As it gets harder for cybercriminals to bypass business email compromise (BEC) defenses, some hackers are switching from email scams to real-mail cons.
Researchers at Flashpoint said they are monitoring hacker forums where criminals are swapping tips on a growing ID theft and financial crime area, which entails abusing the United States Postal Service.
The scam involves making bogus change-of-address or mail-forwarding requests on the behalf of unsuspecting victims. The abuse of USPS mail forwarding can facilitate credit-card fraud and numerous forms of identity theft, wrote Abigail Showman, a researcher with Flashpoint, in a recent post.
She warns that, similar to a phishing or BEC attack, a snail-mail forwarding scam can do just as much harm. Threats range from obtaining a line of credit on an unsuspecting victim’s behalf, insurance fraud and intercepting a tax return, to hijacking an existing financial account and synthetic ID theft.
“Flashpoint analysts have identified numerous discussions on closed and invite-only online communities where threat actors advertise methods and paid services that are earmarked for fraud,” Showman said. “Many of these individuals are careful to shield their location, but the majority of these discussions are about the U.S. Postal Service, with a limited number of references to the United Kingdom’s Royal Mail.”
Showman acknowledge generic scams tied to forwarding mail aren’t new. However, she said, a laser focus by cybercriminals on ID theft and financial crimes online has piqued interest among a new breed of criminals willing to also dabble in offline crimes.
An example of such an attack surfaced just last week in a “Dear John” article in the New York Post. A Florida victim said their email had been surreptitiously forwarded to Philadelphia.
“The thieves got a checking account statement and ordered new checks sent to their address. They applied for credit cards and other charge accounts,” wrote the victim, “F.J.,” to the N.Y. Post.
According to the report, when F.J. sought assistance from the United States Postal Service Office of Inspector General, the response was unsatisfactory. “The inspector general’s office in Washington, D.C., was useless. It had zero interest in investigating, let alone prosecuting,” F.J. wrote.
The U.S. Postal Inspection Service told Threatpost it has a number of safeguards in place to prevent this type of incident.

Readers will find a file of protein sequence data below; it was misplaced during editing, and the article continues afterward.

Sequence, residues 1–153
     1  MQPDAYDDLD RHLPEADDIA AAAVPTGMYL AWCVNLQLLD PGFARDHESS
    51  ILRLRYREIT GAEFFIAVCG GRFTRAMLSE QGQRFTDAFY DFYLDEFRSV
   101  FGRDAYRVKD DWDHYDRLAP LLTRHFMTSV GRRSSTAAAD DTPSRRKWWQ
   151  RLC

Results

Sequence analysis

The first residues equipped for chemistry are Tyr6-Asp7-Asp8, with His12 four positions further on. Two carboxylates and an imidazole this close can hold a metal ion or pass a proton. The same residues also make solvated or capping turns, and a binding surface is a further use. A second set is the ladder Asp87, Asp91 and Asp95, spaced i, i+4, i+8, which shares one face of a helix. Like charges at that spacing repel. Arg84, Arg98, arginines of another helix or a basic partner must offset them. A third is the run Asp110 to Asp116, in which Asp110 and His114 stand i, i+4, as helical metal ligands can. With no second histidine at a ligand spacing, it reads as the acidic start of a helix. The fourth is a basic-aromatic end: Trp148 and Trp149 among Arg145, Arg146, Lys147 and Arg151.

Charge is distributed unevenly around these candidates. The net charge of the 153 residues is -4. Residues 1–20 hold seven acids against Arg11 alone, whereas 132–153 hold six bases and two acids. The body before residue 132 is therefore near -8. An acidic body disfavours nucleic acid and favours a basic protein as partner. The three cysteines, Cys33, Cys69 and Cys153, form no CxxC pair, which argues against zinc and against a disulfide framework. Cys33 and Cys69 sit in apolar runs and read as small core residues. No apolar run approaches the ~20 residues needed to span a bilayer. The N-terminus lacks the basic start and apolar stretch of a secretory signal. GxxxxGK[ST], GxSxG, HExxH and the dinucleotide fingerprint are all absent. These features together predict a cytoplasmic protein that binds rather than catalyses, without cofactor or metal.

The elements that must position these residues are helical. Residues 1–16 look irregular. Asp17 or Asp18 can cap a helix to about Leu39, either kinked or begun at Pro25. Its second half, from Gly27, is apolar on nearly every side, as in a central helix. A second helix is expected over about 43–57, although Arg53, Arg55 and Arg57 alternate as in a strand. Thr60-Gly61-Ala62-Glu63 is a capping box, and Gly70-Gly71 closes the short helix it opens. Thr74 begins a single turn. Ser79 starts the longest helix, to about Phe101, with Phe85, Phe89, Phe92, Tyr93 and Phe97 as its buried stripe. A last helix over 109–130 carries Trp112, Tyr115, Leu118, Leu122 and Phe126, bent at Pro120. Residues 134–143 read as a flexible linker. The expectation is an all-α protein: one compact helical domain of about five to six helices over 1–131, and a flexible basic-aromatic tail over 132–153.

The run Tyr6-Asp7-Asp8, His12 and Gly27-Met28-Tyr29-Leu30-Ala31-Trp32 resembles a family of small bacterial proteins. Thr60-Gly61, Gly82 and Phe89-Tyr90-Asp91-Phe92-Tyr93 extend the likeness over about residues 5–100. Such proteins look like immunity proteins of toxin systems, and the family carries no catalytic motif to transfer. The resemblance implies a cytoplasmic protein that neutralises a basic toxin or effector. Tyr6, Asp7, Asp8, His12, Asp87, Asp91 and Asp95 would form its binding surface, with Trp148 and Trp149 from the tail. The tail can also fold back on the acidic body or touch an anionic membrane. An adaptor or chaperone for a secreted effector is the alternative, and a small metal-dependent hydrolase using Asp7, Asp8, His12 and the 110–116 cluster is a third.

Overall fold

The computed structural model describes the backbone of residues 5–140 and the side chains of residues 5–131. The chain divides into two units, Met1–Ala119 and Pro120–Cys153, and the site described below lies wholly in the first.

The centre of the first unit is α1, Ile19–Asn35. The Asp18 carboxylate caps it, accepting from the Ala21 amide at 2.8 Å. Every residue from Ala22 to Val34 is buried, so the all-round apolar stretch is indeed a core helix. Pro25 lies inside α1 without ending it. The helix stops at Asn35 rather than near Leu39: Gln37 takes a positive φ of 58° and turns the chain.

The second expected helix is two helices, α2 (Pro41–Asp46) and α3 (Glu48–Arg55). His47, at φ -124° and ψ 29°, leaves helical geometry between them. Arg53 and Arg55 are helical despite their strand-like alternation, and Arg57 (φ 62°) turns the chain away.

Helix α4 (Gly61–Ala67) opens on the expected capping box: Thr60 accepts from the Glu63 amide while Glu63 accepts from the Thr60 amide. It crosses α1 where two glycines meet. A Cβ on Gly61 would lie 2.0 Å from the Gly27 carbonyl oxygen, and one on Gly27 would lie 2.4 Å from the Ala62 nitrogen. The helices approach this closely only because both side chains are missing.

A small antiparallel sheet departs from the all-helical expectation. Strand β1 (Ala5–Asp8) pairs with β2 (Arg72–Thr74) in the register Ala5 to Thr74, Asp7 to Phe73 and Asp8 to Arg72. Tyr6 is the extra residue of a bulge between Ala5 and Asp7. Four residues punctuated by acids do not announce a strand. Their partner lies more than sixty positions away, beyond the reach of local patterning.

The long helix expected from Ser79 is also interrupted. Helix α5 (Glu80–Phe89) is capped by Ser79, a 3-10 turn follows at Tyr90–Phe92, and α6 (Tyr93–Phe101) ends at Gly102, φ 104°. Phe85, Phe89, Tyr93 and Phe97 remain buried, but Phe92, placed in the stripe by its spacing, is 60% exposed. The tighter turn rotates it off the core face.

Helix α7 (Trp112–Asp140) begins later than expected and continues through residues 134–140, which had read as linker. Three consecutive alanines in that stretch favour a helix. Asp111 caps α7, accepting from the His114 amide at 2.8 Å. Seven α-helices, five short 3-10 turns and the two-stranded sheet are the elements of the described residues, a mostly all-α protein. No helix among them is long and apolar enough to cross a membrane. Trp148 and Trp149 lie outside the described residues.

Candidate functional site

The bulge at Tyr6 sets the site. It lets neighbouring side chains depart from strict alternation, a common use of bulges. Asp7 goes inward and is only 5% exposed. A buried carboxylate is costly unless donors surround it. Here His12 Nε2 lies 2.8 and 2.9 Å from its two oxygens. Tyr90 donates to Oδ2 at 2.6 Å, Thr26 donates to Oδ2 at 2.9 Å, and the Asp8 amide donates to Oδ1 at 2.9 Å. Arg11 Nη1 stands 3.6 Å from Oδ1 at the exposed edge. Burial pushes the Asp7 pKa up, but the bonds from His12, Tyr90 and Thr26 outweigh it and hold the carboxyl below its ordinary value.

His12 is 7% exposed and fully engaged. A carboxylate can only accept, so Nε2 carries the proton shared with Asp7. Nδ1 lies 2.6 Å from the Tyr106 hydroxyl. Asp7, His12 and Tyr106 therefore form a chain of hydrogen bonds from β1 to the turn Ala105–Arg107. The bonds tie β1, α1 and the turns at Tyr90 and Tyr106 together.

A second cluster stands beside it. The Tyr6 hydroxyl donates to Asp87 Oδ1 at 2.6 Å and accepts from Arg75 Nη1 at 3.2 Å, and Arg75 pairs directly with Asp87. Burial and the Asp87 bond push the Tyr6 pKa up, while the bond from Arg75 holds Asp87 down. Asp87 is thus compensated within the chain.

“Similar to other companies, the Postal Service’s information security program, and our federal law enforcement arm, Postal Inspection Service, use industry best practices and technology solutions to protect our customers,” wrote USPS.
It added that it does not publicly discuss security protocols, “in an effort to preserve their effectiveness and to avoid compromise.”
In an interview with Threatpost, Showman said mail-forwarding fraud is either perpetrated online via forms available on USPS.com, or physically at a post office.
“In both cases, following the mail forwarding/permanent change of address the USPS sends a confirmation to the original address. If individuals suspect that this change was made fraudulently, they can contact the USPS before the change goes into effect,” she said.
Online, she noted, individuals must create an account and provide contact information as well as pay a nominal fee when conducting a change of address. When Threatpost walked through the process, one of the safeguards was ensuring that the billing address on credit card, used to pay the fee, matched the original address of the mail to be forwarded.
Flashpoint recommends opting for paperless versions of bank statements and other official documents to reduce to odds of being hit by an attack. “Individuals should also monitor their credit report for unusual activity that may indicate a threat actor has fraudulently opened a line of credit,” Showman said.
One obvious tip is, if you suddenly stop getting mail, give the USPS a call and ask why.
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